No wonder, there are fewer trees for owls to tuck themselves in, no messy, undisturbed corners for the ground-nesting lapwing to hatch its eggs. The lawns are manicured, lined with uniform, ornamental trees and sprayed with pesticides that does no insect, bird, or us any good. Old trees with canopies and deep roots are not favoured, as they mess with overhanging wires, and their roots interfere with underground pipes and cabling. Over the years, the architecture and the structure of buildings that dominated urban areas has changed drastically. Old bungalows with their nooks and crannies – prime real estate for birds – have been replaced with high rises and apartment complexes which offer little room for nesting.
It wasn’t just the physical spaces that were demolished though, what also shrunk was the space in the human heart for fellow beings. I recall a time when most households would spread out grain, rice and bajra (a kind of millet) every morning for the birds and sugar for ants; families made chapattis (flat wheat bread , everyday fare in most north Indian households) for the neighbourhood street dogs by rota, and would even light small fires outside for warmth in bitter winters that characterise north India. Returning home late one night, I found the dogs missing, but a couple of jackals curled cosily by the still-glowing embers!
Bees that dare to construct a hive in the odd tree that finds space amidst concrete towers are mostly doomed. In gated colonies like mine, the hives are simply sprayed with pesticides, killing the bees in one efficient stroke. As we sanitised our lives, spraying pesticides and poison on any creature we deemed as pests, our world diminished, and perhaps yet unknown to us, got lonelier.
Monsoons brought alive another orchestra – the guttural chorus of frogs as they serenaded their mates in the pools formed by the first showers. The croaks, while not high on the melody scale, were so very welcome. I have not heard the Megha papiha – pied cuckoo – or the monsoon song bird for years. Instead of its arrival (it’s a migrant), and its characteristic shrill, metallic wail, heralding the monsoon, it is TV which informs me that roads are flooded, and clogged, thus announcing the arrival of monsoon.
What moved me the most, though, were those memorable nights when the jackals howled, the eerie yowl piercing the soul. It was primitive . . . it was the cry of wilderness in a bleak and concrete jungle. I marvelled at this ghost of the darkness, which I mostly heard, rarely saw: Where did it live? Who was it calling? How did it survive in this hostile, peopled world? The night does not belong to the jackal now; the din of traffic has swallowed its taken over.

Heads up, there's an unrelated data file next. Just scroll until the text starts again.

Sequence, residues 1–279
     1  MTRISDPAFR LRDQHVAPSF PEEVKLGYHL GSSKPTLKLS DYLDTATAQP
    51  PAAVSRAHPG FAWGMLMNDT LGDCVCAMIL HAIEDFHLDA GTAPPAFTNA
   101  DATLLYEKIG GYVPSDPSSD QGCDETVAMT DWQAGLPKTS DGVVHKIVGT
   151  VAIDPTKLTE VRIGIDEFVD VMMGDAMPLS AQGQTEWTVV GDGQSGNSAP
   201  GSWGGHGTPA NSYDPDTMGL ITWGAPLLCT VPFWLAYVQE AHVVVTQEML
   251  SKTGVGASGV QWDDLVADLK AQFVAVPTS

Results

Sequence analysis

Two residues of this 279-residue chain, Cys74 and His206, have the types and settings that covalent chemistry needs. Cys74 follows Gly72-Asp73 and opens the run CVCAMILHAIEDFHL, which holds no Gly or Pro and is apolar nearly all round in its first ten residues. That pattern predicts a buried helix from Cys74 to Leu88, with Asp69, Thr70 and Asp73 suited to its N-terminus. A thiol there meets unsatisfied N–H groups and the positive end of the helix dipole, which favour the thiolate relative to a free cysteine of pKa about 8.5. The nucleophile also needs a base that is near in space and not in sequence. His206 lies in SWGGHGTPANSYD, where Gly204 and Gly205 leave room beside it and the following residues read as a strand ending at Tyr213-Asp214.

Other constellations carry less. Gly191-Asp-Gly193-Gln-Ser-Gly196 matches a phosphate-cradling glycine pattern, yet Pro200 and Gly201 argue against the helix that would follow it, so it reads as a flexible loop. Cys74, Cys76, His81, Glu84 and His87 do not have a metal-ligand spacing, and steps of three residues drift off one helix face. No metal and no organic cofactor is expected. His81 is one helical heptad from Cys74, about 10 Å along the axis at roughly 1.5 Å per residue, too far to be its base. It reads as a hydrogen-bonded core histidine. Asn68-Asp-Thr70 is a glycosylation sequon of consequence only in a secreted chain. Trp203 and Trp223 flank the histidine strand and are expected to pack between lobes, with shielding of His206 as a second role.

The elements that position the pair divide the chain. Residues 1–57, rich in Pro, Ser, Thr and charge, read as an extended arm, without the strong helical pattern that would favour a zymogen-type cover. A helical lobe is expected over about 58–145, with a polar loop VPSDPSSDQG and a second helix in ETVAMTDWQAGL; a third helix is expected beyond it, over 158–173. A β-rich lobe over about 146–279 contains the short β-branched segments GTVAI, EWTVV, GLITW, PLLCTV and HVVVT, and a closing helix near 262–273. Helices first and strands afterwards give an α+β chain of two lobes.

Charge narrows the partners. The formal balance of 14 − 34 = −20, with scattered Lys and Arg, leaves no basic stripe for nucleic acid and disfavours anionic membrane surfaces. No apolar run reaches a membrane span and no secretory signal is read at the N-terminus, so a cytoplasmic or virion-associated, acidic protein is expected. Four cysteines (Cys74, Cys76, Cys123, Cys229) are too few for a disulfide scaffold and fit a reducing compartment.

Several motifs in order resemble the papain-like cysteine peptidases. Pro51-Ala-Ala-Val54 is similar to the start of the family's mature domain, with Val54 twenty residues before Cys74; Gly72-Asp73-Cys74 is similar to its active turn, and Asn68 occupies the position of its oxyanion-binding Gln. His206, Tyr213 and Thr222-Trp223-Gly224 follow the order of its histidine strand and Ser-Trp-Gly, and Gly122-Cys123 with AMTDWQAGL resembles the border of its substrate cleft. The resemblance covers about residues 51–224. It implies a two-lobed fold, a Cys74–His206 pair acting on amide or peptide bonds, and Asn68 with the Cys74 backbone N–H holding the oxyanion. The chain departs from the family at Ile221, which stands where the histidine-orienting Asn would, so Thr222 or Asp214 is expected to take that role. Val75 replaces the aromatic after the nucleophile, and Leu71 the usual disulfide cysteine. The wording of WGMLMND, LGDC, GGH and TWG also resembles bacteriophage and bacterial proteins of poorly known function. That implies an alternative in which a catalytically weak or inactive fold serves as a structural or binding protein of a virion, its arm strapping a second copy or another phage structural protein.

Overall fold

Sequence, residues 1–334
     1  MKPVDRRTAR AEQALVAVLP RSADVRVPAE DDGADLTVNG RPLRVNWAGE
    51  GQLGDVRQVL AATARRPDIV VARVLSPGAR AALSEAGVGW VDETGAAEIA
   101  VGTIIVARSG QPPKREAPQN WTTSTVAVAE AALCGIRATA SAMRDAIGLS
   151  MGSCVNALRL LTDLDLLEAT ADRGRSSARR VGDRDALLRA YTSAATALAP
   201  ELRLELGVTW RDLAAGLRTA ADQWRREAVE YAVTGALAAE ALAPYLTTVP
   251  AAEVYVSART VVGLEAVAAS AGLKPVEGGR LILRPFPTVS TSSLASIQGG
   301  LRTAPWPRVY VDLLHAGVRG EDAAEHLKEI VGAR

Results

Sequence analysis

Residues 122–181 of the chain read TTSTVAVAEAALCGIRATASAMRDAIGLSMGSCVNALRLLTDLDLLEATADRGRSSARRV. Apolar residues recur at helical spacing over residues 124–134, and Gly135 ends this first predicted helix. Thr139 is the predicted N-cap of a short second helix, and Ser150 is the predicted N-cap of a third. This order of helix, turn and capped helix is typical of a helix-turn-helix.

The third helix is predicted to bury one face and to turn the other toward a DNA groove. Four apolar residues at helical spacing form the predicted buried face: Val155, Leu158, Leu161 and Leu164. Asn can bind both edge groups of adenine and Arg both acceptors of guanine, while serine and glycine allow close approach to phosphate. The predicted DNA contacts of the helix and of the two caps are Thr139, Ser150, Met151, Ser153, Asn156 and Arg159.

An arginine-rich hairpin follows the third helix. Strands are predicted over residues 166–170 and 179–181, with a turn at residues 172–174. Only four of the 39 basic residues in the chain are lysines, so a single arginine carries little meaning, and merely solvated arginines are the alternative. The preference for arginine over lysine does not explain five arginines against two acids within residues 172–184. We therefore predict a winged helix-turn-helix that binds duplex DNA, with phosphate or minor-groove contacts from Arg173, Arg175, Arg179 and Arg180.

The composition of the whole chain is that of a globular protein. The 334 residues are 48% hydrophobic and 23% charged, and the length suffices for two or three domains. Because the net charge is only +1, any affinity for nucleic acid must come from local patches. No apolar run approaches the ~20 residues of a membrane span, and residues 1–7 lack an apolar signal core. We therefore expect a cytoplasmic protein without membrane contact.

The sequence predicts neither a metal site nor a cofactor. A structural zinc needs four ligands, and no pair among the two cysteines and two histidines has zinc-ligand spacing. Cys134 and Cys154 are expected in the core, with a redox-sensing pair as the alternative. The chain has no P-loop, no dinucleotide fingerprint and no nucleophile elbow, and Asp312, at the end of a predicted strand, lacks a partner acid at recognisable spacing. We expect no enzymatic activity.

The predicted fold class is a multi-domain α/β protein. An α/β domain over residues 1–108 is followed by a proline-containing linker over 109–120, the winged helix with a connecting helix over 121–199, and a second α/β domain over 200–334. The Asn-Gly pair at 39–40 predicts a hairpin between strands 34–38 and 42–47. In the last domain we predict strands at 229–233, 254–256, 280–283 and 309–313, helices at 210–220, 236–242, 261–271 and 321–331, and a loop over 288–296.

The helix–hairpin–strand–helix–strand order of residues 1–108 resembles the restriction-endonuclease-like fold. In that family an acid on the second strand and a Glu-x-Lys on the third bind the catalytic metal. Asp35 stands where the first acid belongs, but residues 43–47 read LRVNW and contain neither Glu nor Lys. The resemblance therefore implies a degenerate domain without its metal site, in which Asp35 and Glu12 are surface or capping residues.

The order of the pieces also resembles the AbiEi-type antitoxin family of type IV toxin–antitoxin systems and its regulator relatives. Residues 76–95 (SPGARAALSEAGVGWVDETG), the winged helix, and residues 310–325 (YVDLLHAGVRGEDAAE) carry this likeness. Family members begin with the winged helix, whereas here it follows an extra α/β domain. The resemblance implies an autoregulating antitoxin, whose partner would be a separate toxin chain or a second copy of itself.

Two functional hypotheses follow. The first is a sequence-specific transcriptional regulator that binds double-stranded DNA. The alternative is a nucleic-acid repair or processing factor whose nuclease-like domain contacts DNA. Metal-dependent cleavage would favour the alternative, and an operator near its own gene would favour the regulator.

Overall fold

This silence is seeping across landscapes, as forests, fields, wetlands, lakes, gardens are cleared, pillaged, paved over with concrete. As jungles shrink and thin, animals are on the retreat. Many moons ago, I was in Dachigam National Park, in the beautiful valley of Kashmir, which harbours the hangul, a rare red deer endemic to this region. An old soldier of the forest, the late Qasim Wani recalled how when he was a child the golden valleys of the forest boomed and echoed with the rutting call of the hangul. Now, with barely about a 150-200 of these deer remaining, only the odd rut pierces the air.
There are many such examples, where within one lifetime, natural sounds have muted. Not just in the terrestrial landscape, rivers and oceans suffer the same fate. Whales are musical, with an amazing range of songs. The songs of the humpback whale are especially haunting, complex and can last for hours. Different humpback populations may have their own ‘anthems’—with populations in different ocean basins having their distinct songs. Their music is not static, it evolves . . . and travels far, reaching across oceans.
They are not the only marine creatures who make music – fish, crustaceans, shrimps, puffers – all ‘talk’ as well by varied means: gnash their teeth, swing their tails, exhale, grunt, belch. The Gangetic dolphin, one of only six freshwater dolphins in the world, is near-blind, and to it sound is everything. It speaks – even though we can’t hear its call – through echolocation, sending out sound waves that echo back so it can sense things out. That’s how it finds mates, food, averts risks and protects its young.
The repertory is shrinking, and the desolate sounds of extinction are making waves here too. As wild creatures retreat and extinctions occur – the Earth has lost half of its wildlife in the past 40 years – a silence shrouds our natural world. We are all witness to it, but we have chosen to close our eyes and ears to it.